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4 ways Blue Jays can configure their lineup with George Springer back

·MLB Writer
·5-min read

For the past few weeks, Toronto Blue Jays manager Charlie Montoyo has been faced with a litany of bullpen issues so dire he wouldn’t wish them on his worst enemy. On Tuesday he was finally faced with a problem he was happy to have.

George Springer’s long-awaited return to the Blue Jays creates a lineup construction quandary for a team whose top-four hitters have been outstanding in the star outfielder’s absence. Since Springer’s last appearance before hitting the IL again on May 2, Marcus Semien, Bo Bichette, Vladimir Guerrero Jr. and Teoscar Hernandez have hit a collective .310/.370/.554 — prompting Montoyo’s move to hit Springer fifth on Tuesday.

That ‘if it ain’t broke don’t fix it’ mentality put the 31-year-old in an unfamiliar position, far removed from his customary leadoff spot.

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The idea of easing Springer lower in the lineup makes sense for now — especially considering how some of the other hitters are performing — but ultimately a guy signed to a franchise-record contract, who was among the top 10 hitters in the majors from 2019 to 2020 is going to move up. That means a shuffle is coming.

Here are a few looks Montoyo could try:

The ‘by the book’

The most traditional lineup structure involves putting the team’s best hitters in the three and four holes and having high-average hitters who can run in front of them. That’s actually not too dissimilar to what the Blue Jays have now as Semien and Bichette are the top two base stealing threats on the team at the top of the order, and Guerrero Jr. is hitting third.

With this model you just slide Springer into the cleanup spot seeing as he projects to be the team’s second-best hitter after Vladdy, and away you go:

2B - Marcus Semien

SS - Bo Bichette

1B - Vladimir Guerrero Jr.

CF - George Springer

LF - Teoscar Hernandez

RF - Randal Grichuk

3B - Cavan Biggio

DH - Lourdes Gurriel Jr.

C - Whoever is catching

Pros: The power is in the middle of the lineup and the speed is at the top. All of the concerns are ones the Blue Jays have been dealing with all season.

Cons: Bichette probably shouldn’t hit second, Guerrero Jr. gets put in too many ‘two out, none on’ situations hitting third.

George Springer's presence gives Charlie Montoyo several options for setting the Blue Jays' batting order. (Nathan Ray Seebeck-USA TODAY Sports)
George Springer's presence gives Charlie Montoyo several options for setting the Blue Jays' batting order. (Nathan Ray Seebeck-USA TODAY Sports)

The 'by The Book'

This lineup-building strategy emphasizes the second hole as the right spot for your best hitter, and makes the third hole slightly less important. If Guerrero Jr., Springer, and Semien are the team’s best offensive contributors, which is certainly up for some debate, this is theoretically the best way to deploy them with Springer hitting cleanup and Semien leading off thanks to the power discrepancy between them.

If you value Hernandez above Semien, he can hit cleanup while Springer leads off and Semien falls to the fifth spot.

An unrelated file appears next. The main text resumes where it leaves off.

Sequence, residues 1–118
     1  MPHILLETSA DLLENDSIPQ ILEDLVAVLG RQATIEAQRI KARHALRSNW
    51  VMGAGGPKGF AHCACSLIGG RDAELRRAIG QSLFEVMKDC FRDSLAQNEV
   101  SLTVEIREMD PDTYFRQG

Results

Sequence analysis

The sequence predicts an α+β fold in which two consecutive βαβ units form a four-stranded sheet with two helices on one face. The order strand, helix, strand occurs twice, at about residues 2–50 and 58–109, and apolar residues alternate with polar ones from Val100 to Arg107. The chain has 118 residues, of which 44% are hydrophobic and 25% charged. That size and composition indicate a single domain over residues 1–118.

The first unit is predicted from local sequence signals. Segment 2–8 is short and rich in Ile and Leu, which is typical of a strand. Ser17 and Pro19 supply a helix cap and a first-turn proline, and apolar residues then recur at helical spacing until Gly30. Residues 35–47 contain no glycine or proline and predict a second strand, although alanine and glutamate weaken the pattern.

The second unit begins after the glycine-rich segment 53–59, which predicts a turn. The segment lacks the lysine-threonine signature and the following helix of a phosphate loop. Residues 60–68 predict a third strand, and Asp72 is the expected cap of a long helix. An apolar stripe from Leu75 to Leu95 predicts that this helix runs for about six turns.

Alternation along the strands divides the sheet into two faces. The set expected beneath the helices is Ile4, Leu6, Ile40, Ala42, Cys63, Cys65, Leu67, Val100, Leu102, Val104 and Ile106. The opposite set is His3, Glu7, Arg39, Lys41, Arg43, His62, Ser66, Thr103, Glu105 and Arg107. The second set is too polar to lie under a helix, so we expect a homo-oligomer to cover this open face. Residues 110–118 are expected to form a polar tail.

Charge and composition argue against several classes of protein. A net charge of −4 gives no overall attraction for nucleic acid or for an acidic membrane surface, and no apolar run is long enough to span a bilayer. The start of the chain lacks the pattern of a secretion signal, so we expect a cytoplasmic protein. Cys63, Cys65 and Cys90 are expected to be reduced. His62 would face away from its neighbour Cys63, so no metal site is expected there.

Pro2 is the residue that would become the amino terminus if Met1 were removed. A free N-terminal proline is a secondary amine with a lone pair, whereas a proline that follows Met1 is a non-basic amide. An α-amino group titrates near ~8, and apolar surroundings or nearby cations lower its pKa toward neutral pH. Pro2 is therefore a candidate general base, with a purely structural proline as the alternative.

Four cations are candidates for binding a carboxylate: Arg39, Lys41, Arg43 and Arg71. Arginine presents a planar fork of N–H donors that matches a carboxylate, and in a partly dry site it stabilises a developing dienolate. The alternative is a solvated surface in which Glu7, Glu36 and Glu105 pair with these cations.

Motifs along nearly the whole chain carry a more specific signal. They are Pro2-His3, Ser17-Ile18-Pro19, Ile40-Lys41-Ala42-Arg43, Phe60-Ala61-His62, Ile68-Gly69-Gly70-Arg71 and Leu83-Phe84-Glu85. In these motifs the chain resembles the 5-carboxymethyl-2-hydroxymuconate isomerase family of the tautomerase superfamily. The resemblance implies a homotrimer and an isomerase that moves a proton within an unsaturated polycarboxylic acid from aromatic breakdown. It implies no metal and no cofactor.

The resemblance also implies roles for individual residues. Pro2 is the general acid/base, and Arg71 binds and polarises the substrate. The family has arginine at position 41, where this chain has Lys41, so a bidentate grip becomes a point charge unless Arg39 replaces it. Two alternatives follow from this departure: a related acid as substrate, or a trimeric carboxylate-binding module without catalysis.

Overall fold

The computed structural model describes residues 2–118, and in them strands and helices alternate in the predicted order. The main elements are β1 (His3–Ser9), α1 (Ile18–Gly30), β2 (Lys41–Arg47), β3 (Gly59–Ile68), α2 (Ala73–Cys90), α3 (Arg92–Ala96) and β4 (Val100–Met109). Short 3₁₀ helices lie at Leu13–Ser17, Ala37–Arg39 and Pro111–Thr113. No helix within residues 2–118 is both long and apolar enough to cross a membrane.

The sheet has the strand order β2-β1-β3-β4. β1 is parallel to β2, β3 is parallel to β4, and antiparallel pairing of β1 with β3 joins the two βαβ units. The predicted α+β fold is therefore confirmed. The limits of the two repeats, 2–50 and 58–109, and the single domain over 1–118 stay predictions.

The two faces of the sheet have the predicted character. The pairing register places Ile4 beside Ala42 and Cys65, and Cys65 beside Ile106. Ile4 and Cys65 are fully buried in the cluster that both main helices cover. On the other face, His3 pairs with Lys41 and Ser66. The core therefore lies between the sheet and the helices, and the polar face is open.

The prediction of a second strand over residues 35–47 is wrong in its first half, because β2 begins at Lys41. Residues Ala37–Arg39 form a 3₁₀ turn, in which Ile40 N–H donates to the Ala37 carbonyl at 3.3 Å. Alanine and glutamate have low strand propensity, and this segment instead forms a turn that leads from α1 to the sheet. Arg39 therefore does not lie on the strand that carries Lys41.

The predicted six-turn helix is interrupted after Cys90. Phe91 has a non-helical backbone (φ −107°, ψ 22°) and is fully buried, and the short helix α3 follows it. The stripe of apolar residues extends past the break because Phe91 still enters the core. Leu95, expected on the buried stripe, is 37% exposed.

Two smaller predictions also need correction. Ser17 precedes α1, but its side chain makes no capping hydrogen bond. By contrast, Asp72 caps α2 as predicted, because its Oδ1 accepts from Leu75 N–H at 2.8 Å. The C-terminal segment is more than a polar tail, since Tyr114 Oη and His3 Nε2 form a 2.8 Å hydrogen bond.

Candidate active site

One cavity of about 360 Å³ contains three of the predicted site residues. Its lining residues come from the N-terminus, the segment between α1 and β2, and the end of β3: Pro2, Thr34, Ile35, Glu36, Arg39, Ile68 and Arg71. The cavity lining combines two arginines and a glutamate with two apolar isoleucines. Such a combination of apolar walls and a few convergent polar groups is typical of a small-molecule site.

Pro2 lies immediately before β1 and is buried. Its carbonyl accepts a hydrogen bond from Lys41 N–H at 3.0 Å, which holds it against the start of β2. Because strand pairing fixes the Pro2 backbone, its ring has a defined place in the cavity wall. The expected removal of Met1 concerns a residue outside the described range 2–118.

2B - Marcus Semien

1B - Vladimir Guerrero Jr.

SS - Bo Bichette

CF - George Springer

LF - Teoscar Hernandez

RF - Randal Grichuk

3B - Cavan Biggio

DH - Lourdes Gurriel Jr.

C - Whoever is catching

Pros: This is probably the most sabermetrically sound configuration.

Cons: Your two most important hitters (Guerrero Jr. and Springer) are in spots they’re unaccustomed to and may be uncomfortable in. Vladdy in the two hole mitigates the speed threat at the top of the order.

‘Everyone moves down’

Confucius is often credited with saying “life is really simple, but we insist on making it complicated.” Although that quotation is misattributed, it doesn’t lack wisdom. The easiest move for Montoyo to make would be to lead Springer off and push everyone else down.

CF - George Springer

2B - Marcus Semien

SS - Bo Bichette

1B - Vladimir Guerrero Jr.

LF - Teoscar Hernandez

RF - Randal Grichuk

3B - Cavan Biggio

DH - Lourdes Gurriel Jr.

C - Whoever is catching

Pros: Springer, Semien, and Guerrero Jr. are in the 1, 2, and 4 holes. Springer is hitting where he’s comfortable.

Cons: Semien probably isn’t the right guy for the all-important second spot.

‘The Original Plan’

This lineup is an approximation of what the Blue Jays did in Springer’s second game with the team (the first didn’t include Teoscar Hernandez). The idea here is that Springer is the leadoff man, and you don’t want to mess with Bichette-Guerrero Jr.-Hernandez, so Semien is the odd man out.

Based on Semien’s raw production this looks foolish, but his xBA of .240 and xSLG of .446 are way below his batting average of .279 and slugging of .519. If you believe that he’s going to drop off, this makes sense.

CF - George Springer

SS - Bo Bichette

1B - Vladimir Guerrero Jr.

LF - Teoscar Hernandez

2B - Marcus Semien

RF - Randal Grichuk

3B - Cavan Biggio

DH - Lourdes Gurriel Jr.

C - Whoever is catching

Pros: Springer is in the leadoff spot, underlying numbers do suggest that Semien might be heading for decline.

Cons: Same Bichette-Guerrero Jr. in the two-three holes that should probably be inverted. Semien’s strengths are better suited for setting the table than driving in runs, and there’s no guarantee he doesn’t continue at his current pace.

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